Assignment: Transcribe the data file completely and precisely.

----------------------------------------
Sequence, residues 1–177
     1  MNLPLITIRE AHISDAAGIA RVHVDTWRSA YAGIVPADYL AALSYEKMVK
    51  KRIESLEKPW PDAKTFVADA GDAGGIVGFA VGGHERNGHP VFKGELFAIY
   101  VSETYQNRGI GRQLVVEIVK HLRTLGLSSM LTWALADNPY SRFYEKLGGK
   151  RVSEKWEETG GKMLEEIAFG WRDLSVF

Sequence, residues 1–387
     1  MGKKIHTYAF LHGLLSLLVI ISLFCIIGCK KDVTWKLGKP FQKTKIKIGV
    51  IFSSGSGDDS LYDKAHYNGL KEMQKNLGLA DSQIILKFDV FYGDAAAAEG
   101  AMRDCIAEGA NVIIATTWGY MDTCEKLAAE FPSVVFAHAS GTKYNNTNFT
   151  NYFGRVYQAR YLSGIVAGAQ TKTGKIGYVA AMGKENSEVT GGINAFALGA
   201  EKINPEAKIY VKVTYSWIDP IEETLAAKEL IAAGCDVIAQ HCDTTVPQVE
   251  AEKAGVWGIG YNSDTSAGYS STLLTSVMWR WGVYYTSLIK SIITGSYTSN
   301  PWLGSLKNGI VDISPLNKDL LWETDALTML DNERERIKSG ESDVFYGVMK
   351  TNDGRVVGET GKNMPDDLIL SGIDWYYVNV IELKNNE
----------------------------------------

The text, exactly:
Sequence, residues 1–177
     1  MNLPLITIRE AHISDAAGIA RVHVDTWRSA YAGIVPADYL AALSYEKMVK
    51  KRIESLEKPW PDAKTFVADA GDAGGIVGFA VGGHERNGHP VFKGELFAIY
   101  VSETYQNRGI GRQLVVEIVK HLRTLGLSSM LTWALADNPY SRFYEKLGGK
   151  RVSEKWEETG GKMLEEIAFG WRDLSVF

Sequence, residues 1–387
     1  MGKKIHTYAF LHGLLSLLVI ISLFCIIGCK KDVTWKLGKP FQKTKIKIGV
    51  IFSSGSGDDS LYDKAHYNGL KEMQKNLGLA DSQIILKFDV FYGDAAAAEG
   101  AMRDCIAEGA NVIIATTWGY MDTCEKLAAE FPSVVFAHAS GTKYNNTNFT
   151  NYFGRVYQAR YLSGIVAGAQ TKTGKIGYVA AMGKENSEVT GGINAFALGA
   201  EKINPEAKIY VKVTYSWIDP IEETLAAKEL IAAGCDVIAQ HCDTTVPQVE
   251  AEKAGVWGIG YNSDTSAGYS STLLTSVMWR WGVYYTSLIK SIITGSYTSN
   301  PWLGSLKNGI VDISPLNKDL LWETDALTML DNERERIKSG ESDVFYGVMK
   351  TNDGRVVGET GKNMPDDLIL SGIDWYYVNV IELKNNE